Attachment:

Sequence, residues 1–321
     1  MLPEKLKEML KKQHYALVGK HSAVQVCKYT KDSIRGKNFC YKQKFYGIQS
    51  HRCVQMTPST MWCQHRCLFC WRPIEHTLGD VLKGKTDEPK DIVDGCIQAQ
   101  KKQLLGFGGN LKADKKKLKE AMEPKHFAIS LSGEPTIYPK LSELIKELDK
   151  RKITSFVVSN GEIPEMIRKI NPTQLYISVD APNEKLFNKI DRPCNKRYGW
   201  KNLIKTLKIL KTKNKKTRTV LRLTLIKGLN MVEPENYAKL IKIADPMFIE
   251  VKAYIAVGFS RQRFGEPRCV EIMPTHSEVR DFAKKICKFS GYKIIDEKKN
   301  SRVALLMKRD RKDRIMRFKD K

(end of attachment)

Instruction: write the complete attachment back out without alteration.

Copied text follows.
Sequence, residues 1–321
     1  MLPEKLKEML KKQHYALVGK HSAVQVCKYT KDSIRGKNFC YKQKFYGIQS
    51  HRCVQMTPST MWCQHRCLFC WRPIEHTLGD VLKGKTDEPK DIVDGCIQAQ
   101  KKQLLGFGGN LKADKKKLKE AMEPKHFAIS LSGEPTIYPK LSELIKELDK
   151  RKITSFVVSN GEIPEMIRKI NPTQLYISVD APNEKLFNKI DRPCNKRYGW
   201  KNLIKTLKIL KTKNKKTRTV LRLTLIKGLN MVEPENYAKL IKIADPMFIE
   251  VKAYIAVGFS RQRFGEPRCV EIMPTHSEVR DFAKKICKFS GYKIIDEKKN
   301  SRVALLMKRD RKDRIMRFKD K